The National University of Singapore (NUS) is offering a S$200,000 grant to overseas Singaporean academics seeking to return to the country and to join the university as pre-tenure assistant professors, said Education Minister Ong Ye Kung on Tue (6 Aug).
Speaking at the inaugural Singaporean Researchers Global Summit held at the Regent Singapore, Mr Ong said that the grant, half of which will be funded by his ministry, will be an addition to the Singapore Teaching and Academic Research Talent (START) scheme.
While recipients of the bond will not be required to serve a bond, they will need to meet four years of service in total to receive the full sum of the grant in cash. The first S$80,000 will be paid halfway through the four-year service.
“If you are at the early stage of your career, this will get you started to do good research work,” Mr Ong told reporters, adding that the pre-tenure segment is not as strong as the tenured one, and that the government aims to “continue to have a strong core of at least 50 per cent” of Singaporean tenured faculty members in local universities.
Statistics from British higher education intelligence firm Quacquarelli Symonds (QS), however, show that the number of international faculty staff members make up two-thirds of the total faculty staff member at NUS as of today, with 3,022 international staff members out of 4,564.
NUS professor and senior deputy president and provost Ho Teck Hua, said that the university, being the first to offer the grant under the scheme, will “select as many academics as possible, and want to cast the net wide” for Singaporean academics particularly in the United States and Europe “to return home”.
“We are particularly excited in inviting humanities and social sciences academics to return to Singapore as well, and we would like to have a bigger ratio of humanities scholars in Singapore,” he added.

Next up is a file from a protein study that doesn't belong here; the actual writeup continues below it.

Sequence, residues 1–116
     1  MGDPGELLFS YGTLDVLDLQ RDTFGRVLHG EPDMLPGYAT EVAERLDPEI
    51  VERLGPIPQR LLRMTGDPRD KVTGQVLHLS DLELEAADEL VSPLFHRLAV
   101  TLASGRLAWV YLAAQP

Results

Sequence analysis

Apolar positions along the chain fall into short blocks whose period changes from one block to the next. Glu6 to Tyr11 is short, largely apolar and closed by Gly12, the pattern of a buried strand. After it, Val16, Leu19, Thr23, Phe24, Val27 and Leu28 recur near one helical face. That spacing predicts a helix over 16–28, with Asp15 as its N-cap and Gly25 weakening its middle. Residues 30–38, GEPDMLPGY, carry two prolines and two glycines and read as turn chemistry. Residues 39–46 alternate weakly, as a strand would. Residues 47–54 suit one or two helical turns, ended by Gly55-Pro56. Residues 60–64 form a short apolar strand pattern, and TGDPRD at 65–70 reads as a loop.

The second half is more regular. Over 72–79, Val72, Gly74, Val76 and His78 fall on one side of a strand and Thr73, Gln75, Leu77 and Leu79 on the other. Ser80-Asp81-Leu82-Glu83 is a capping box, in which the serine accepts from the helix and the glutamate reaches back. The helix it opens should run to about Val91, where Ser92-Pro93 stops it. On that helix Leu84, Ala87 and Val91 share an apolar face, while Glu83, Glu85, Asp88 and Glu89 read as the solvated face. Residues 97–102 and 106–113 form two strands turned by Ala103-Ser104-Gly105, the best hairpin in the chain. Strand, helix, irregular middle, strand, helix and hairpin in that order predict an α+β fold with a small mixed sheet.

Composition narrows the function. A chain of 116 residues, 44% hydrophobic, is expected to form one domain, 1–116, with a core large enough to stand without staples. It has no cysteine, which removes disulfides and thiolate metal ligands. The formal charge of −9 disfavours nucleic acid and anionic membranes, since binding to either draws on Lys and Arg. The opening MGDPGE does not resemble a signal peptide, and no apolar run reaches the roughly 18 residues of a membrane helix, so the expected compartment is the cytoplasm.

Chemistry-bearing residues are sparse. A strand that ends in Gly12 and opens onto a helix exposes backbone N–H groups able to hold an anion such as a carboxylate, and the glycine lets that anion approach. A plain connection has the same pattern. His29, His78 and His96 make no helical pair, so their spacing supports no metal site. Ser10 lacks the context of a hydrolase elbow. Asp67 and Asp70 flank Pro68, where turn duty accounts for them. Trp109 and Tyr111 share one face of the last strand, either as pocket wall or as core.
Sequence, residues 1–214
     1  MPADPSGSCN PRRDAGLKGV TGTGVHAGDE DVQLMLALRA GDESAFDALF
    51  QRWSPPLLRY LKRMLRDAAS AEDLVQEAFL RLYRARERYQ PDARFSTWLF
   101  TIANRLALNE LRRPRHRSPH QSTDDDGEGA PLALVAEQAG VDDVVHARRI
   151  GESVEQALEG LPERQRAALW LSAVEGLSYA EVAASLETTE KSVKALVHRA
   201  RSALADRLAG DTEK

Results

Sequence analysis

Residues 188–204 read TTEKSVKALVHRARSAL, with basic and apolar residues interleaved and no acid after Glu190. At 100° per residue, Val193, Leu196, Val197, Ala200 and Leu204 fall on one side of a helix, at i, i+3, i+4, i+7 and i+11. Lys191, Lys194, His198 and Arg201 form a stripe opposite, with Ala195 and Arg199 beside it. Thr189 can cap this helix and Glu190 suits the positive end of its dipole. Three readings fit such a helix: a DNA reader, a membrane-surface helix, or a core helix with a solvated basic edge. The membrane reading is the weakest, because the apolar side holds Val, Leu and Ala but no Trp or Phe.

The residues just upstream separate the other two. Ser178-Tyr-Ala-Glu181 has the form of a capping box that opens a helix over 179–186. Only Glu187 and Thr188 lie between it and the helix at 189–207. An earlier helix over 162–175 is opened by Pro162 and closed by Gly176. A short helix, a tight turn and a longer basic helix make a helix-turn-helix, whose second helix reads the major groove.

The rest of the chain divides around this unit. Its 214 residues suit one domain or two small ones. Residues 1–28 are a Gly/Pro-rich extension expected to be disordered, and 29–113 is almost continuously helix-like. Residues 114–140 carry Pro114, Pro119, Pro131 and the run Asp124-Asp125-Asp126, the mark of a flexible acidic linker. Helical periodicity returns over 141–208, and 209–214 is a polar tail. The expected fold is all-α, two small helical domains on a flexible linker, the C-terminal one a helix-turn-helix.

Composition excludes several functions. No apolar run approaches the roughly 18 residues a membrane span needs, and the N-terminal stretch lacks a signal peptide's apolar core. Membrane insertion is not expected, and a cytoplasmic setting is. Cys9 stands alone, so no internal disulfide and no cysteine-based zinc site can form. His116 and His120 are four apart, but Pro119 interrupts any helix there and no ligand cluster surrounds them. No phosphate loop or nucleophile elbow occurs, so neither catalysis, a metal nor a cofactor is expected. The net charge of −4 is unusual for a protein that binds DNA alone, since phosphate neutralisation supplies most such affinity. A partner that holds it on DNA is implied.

“I now feel I am at a university that is run by academics for academics, not a subordinate unit enacting KPIs it receives from the head office”: Former NUS associate professor Axel Gelfert, after taking on full professorship in Berlin — among other academics who left
Earlier this year, however, several former NUS and Nanyang Technological University (NTU) professors revealed the universities’ alleged fixation on KPIs and rankings as the reason behind the exodus of many academics from the two tertiary institutions, despite initially being able to initially attract a sizeable pool of qualified arts and humanities professors in particular.
Philosophy professor Axel Gelfert, who served as an associate professor at NUS for ten years, told TODAY in Jan this year that there appears to be “an eagerness on the part of some middling university managers to second-guess which policies the Education Ministry (MOE) might come up with next, and try to meet those KPIs before they even emerge”.
“This means an ever-shifting maze of policies and guidelines which can literally change overnight,” he added.